The Land Stewardship Project, sustainable agriculture and family farming lost a true friend this week when Dan Specht was killed in a tragic farm accident. He was 63. (See obituary here.)
Dan, who farmed above the banks of the Mississippi River near McGregor, in northeast Iowa, had been a pioneer in innovative, sustainable farming methods for several decades. He had done nationally-recognized on-farm research related to rotational grazing, cover crops, water quality and blending working farmland with wildlife habitat restoration. Dan was also a national leader in work to develop public policy that benefited sustainable agriculture and the environment, as well as provided family farmers fair access to markets.
The Land Stewardship Project benefited in innumerable ways from Dan’s long-time, active membership, and since 2010 he had served on our Board of Directors. He was also a long-time and influential member of LSP’s Federal Farm Policy Committee, and in this capacity he testified before Congressional committees, authored commentaries and helped develop innovative public policy such as the groundbreaking Conservation Stewardship Program.
Dan was also a major player in the National Sustainable Agriculture Coalition and the Practical Farmers of Iowa, and was recognized as a national expert on such issues as agriculture’s role in the development of the Gulf Dead Zone. This latter issue was particularly important to Dan, given his passion for the Mississippi River and fishing.
“It’s really fragile,” he once said of the area where the Mississippi meets the Gulf. “It’s vast, but it’s fragile.”
Whether on his farm hosting field days, testifying before lawmakers, participating in organizing meetings or giving interviews to the media, Dan was known for his passion for the land and social justice, as well as his desire to create a food and farm system that was based on sustainability and fairness. Dan was also well known for his quiet wisdom and in-depth, nuanced knowledge of not only farming, but ways it interacted with the ecosystem and the wider community.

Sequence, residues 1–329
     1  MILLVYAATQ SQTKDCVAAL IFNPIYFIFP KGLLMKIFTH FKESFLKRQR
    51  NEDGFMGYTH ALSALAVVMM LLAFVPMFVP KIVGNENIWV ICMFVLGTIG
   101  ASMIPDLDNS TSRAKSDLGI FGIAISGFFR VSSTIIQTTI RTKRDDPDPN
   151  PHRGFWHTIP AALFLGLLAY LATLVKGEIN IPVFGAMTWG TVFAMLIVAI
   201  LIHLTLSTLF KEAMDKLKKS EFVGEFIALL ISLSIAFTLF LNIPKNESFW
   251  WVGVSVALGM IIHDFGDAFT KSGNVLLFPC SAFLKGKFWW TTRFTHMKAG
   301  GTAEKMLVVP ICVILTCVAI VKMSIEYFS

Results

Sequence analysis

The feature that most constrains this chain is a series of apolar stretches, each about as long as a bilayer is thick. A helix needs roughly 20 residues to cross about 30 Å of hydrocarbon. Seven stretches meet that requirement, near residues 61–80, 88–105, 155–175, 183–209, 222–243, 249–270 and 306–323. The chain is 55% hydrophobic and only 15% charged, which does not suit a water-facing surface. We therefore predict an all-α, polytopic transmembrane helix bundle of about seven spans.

The sudden loss of Dan Specht has left a massive hole in all of our hearts at a time when thoughtful, innovative farmers like him are needed more than ever. The Land Stewardship Project sends its thoughts and condolences out to the many, many people who were touched by a great life that was cut all too short.
To read more about Dan Specht’s work and life, see these links:
• “Bobolink Central: Specht manages pastures for cattle and birds” is an article published in the June 28, 2013, edition of Agri News. It describes how Dan was using managed rotational grazing to create prime habitat for wildlife such as grassland songbirds.
• “Dead Zone Puzzle” is an article that appeared in the July-August 2011 issue of the Minnesota Conservation Volunteer. It describes how farmers like Dan were using diverse production systems to improve water quality in the Mississippi River and beyond.
• “New National Farm Bill Platform Good News for MN Ag” was published in March 2012 and describes the role of Dan and other LSP Federal Farm Policy Committee members in developing a new policy platform called, “Farming for the Future: A Sustainable Agriculture Agenda for the 2012 Food and Farm Bill.”
• “PFI Farmers Speak Up for Conservation During D.C. Fly-In” describes Dan’s trip to the nation’s capitol in April 2012 to advocate for sustainable agriculture.
• “Humble Pie Summer” describes what Dan and his brother Phil were doing to develop and protect bird habitat on their northeast Iowa farms.
• “CSP an opportunity for farmers” is a commentary co-authored by Dan and published in the September 30, 2009, edition of Iowa Farmer Today. It describes how the Conservation Stewardship Program could be a new way to support farmers, achieve greater conservation, and bring greater equity to farm programs, while making our food and farming system fairer, more resilient and more accountable.